Daimler may have fallen behind its German rivals, namely Audi and BMW, in terms of profitability but it would not go down the road of reducing its workforce in an attempt to narrow the gap. "I see no reason to look exclusively at personnel when it comes to increasing efficiency," said Mr Wilfried Porth, Daimler’s personnel chief, in an interview with Reuters. He added that staff costs account for less than a fifth of group expenses.
Mercedes, which had a 9 percent operating margin in 2011, has been lagging Audi and BMW in terms of profitability even though the two tend to sell cars priced below those of Mercedes. Daimler has about 271,000 employees around the globe with nearly 168,800 of them based in Germany. On the contrary, Daimler plans to further increase the number of its home-based employees this year. However, the increase will be lesser than in 2011. I guess this is a prudent move, considering the unresolved Eurozone debt crsis, which may affect the demand of luxury cars.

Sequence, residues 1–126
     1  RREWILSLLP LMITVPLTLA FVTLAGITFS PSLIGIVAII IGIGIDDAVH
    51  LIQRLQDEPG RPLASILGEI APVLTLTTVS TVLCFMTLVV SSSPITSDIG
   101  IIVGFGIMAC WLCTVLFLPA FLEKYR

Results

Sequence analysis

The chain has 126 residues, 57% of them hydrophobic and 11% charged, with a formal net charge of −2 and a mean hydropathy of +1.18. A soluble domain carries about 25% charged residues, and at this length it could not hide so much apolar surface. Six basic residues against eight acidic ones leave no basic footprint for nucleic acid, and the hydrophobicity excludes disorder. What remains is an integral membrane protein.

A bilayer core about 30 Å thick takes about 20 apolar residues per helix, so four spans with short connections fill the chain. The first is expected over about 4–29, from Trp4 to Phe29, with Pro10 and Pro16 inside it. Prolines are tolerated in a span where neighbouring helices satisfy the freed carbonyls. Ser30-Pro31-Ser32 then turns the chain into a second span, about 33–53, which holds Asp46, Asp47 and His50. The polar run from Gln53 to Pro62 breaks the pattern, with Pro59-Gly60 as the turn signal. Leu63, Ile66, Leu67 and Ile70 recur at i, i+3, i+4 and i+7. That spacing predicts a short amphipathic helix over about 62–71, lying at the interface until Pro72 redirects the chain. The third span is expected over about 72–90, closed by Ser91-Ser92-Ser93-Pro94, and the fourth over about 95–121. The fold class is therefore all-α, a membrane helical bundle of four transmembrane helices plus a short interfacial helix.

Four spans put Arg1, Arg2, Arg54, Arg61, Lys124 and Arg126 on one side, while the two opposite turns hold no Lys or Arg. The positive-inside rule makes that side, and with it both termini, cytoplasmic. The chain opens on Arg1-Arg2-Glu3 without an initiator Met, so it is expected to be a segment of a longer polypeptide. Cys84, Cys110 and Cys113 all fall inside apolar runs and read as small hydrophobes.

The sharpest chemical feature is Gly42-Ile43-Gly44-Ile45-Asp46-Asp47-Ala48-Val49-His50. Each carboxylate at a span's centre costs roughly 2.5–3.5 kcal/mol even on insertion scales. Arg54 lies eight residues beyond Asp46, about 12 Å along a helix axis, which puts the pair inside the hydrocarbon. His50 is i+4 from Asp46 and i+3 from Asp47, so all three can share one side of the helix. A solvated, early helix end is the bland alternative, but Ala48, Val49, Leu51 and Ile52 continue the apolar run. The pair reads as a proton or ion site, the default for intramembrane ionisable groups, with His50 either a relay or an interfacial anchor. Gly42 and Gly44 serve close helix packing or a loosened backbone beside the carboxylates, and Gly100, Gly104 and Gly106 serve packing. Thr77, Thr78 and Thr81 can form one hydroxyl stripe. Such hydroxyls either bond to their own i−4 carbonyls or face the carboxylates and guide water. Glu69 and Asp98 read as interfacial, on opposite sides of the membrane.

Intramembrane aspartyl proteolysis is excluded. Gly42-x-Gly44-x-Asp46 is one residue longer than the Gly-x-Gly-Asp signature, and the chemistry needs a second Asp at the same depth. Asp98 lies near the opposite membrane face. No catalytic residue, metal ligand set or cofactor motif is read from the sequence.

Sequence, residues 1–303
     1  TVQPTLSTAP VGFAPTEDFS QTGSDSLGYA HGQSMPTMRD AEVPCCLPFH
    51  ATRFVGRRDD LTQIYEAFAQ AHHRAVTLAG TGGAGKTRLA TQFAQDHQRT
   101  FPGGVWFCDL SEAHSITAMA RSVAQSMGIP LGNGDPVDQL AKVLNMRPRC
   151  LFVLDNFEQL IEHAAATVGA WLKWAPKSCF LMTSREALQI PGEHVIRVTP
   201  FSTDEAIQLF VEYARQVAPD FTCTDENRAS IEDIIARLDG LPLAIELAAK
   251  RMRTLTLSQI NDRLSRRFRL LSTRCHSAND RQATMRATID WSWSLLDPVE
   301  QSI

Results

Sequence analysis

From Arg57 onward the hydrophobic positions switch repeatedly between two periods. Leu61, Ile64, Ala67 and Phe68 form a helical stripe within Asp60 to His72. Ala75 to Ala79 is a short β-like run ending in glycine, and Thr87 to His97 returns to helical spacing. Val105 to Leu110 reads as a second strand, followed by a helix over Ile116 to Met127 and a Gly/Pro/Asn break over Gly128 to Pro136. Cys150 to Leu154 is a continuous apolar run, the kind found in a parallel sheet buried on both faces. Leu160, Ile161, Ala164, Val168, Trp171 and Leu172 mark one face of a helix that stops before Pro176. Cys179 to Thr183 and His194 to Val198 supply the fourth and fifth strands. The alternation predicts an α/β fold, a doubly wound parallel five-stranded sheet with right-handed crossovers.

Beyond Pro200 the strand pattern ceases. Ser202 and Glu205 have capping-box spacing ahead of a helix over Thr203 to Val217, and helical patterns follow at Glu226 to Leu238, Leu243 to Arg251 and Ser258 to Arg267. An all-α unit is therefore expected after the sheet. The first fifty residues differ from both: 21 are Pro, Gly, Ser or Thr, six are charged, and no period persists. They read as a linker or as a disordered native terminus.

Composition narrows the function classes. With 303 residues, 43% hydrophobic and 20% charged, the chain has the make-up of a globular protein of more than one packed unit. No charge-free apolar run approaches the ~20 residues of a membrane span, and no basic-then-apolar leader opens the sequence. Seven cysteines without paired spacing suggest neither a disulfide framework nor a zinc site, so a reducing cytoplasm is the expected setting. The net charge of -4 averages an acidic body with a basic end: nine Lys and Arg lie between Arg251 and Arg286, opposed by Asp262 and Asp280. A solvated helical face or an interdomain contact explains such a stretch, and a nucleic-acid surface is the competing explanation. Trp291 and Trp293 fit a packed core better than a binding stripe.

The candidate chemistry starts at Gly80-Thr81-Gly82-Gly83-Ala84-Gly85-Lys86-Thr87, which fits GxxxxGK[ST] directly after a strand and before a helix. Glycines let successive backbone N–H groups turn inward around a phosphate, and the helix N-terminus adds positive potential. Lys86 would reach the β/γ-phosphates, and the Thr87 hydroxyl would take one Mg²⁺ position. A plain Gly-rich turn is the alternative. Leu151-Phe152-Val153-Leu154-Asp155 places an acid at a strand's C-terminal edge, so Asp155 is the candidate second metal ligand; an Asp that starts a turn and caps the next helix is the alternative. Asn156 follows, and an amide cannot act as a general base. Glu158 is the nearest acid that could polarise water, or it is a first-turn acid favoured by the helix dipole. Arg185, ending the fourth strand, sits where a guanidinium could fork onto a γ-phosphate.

Daimler has pledged to regain its status as the best-selling luxury automaker from BMW after falling into third place behind Audi in 2011. Last year, Mercedes moved 1.26 million units worldwide while Audi and BMW sold 1.3 million and 1.38 million cars respectively. To do so, Mercedes plans to launch 10 new models by 2015. These include the new A-class hatchback, which will make its debut in March at the 2012 Geneva Motor Show, as well as the CLS Shooting Brake, an estate wagon based on CLS platform.